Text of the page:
The University of California at Berkeley

One semester tuition: $5,469 (Note: Page lists full year tuition costs, which is for some reason labeled “Fees”.)

For what it’s worth, in Googling Cal’s tuition, I came across this NYT story from March of 2010 that calls Call “still a bargain” and notes that its annual tuition had gone up quite a bit, from about $7700 to over $10K, in recent years due to budget shortfalls.

The State University of New York

One semester tuition: $2,485 (Note: Page lists full year tuition costs.)

There are many SUNY campuses, some of which are AAU members and some of which are not. I simply Googled “SUNY tuition”, I did not specify a campus. Far as I can tell, it’s uniform across the system.

The University of Indiana

One semester tuition: $4,062 (Spring 2011)

Michigan State University

One semester tuition: $5,861 (Note: Page lists full year tuition costs.)

The University of Florida

One semester tuition: $2,510

The University of Washington

One semester tuition: $4,351

Putting this group into a chart for easy reading, using the lowest rates from the schools that had ranges:

School Tuition ======================== SUNY $2,485 Florida $2,510 North Carolina $3,182 Indiana $4,062 A&M $4,193 Washington $4,351 UT $4,493 Ohio State $4,760 Virginia $5,418 Cal-Berkeley $5,469 Michigan $5,824

Pretty much in the middle, as things stand now – in fact, A&M is just about smack-dab in between SUNY and Michigan. Bear in mind that this is before any tuition increases, which could be as much as $1,000 for a year, or $500 for a semester.

Now on to the Big XII schools:

The University of Oklahoma

One semester tuition: $3,927 (Note: Page lists full year tuition costs.)

Oklahoma State University

One semester tuition: $2,051 (Calculated as 15 hours of Undergraduate Tuition.)

The University of Nebraska

One semester tuition: $3,656 (Note: Page lists full year tuition costs.)

The University of Missouri

One semester tuition: $3,684 (Calculated as 15 hours of Undergraduate Tuition.)

The University of Kansas

One semester tuition: $3,937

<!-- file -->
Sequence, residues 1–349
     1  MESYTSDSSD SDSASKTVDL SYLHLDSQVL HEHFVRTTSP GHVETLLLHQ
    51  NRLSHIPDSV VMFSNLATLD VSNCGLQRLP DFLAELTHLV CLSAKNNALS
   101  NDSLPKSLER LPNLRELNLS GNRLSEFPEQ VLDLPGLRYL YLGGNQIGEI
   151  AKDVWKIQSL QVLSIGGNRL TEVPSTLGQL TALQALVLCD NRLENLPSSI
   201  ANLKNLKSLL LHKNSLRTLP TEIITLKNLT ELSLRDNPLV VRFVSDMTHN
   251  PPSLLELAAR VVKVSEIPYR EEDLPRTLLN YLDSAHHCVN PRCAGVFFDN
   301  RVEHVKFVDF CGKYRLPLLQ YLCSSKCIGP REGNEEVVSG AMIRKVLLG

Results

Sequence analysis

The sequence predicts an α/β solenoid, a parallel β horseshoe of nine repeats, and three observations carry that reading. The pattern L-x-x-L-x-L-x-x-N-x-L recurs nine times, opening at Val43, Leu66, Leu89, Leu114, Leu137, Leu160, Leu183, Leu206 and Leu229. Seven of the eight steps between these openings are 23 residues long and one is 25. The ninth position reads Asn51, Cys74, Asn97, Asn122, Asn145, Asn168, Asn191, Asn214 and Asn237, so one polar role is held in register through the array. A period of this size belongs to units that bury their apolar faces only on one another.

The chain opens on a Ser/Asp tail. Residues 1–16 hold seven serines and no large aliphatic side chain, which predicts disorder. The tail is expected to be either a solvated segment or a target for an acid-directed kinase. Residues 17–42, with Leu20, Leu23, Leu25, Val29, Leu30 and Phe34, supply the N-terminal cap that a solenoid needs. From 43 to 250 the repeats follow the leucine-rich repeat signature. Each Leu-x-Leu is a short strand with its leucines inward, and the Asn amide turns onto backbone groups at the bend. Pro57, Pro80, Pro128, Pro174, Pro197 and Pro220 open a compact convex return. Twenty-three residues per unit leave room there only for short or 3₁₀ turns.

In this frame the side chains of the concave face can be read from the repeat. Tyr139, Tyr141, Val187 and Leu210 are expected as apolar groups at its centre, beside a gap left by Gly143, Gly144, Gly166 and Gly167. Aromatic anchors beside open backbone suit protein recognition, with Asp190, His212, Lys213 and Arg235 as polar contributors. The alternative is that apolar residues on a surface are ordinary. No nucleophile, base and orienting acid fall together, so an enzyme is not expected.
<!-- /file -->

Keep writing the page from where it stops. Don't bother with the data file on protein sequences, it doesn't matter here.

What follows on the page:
Kansas State University

One semester tuition: $3,114

The University of Colorado

One semester tuition ranges from $3,509 to $5,610, depending on the program.

Iowa State University

One semester tuition: $3,326 (Note: Page lists full year tuition costs.)

Now let’s update that chart:

School Tuition ======================== Oklahoma State $2,051 SUNY $2,485 Florida $2,510 Kansas State $3,114 North Carolina $3,182 Iowa State $3,326 Colorado $3,509 Nebraska $3,656 Missouri $3,684 Oklahoma $3,927 Kansas $3,937 Indiana $4,062 A&M $4,193 Washington $4,351 UT $4,493 Ohio State $4,760 Virginia $5,418 Cal-Berkeley $5,469 Michigan $5,824

Compared to their athletic peers, UT and A&M are already the two most expensive schools, and they’re about to become more so.

So there you have it. I don’t know if this changes anyone’s mind, but at least now you have a basis for comparison.

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  1. I graduated from U.T. when it was much less expensive. The state has been lowering the percentage of support for higher education and public education since Republicans have been a major factor in Texas Politics. The trend has to stop some where or there will be fewer and fewer students able to get a college education. At least U.T. and Texas A & M are in the middle of the list and not the most expensive.

  2. Mark says:

    Beyond tuition, is there data comparing how many students graduate in 4 years at UT/A&M versus similar state schools across the country? I ask because based solely on anecdotes, I know very few people who attended state schools in the Midwest that had trouble finishing their degree in 4 years without taking summer courses, but since I moved down here, I’ve talked to far fewer people for whom the same is true at UT, at least, citing difficulty getting into classes and meeting graduation requirements. This would also seem like an important factor in determining school quality, and something that would get worse with budget cuts and increasing enrollment.

  3. John says:

    Very interesting analysis, just doing some basic math. If UT has 50,000 students and you raise tuition $500 a semester. Suddenly you have increased the revenue side of the equation and cut in the half the reduction in money from the legislature.

    UT/A&M are still MUCH cheaper than private alternatives in the state. I think a tuition hike might not be a bad idea. Plus I think $500 is not enough to prevent people from attending either school, not to mention they are incredibly difficult to get into as is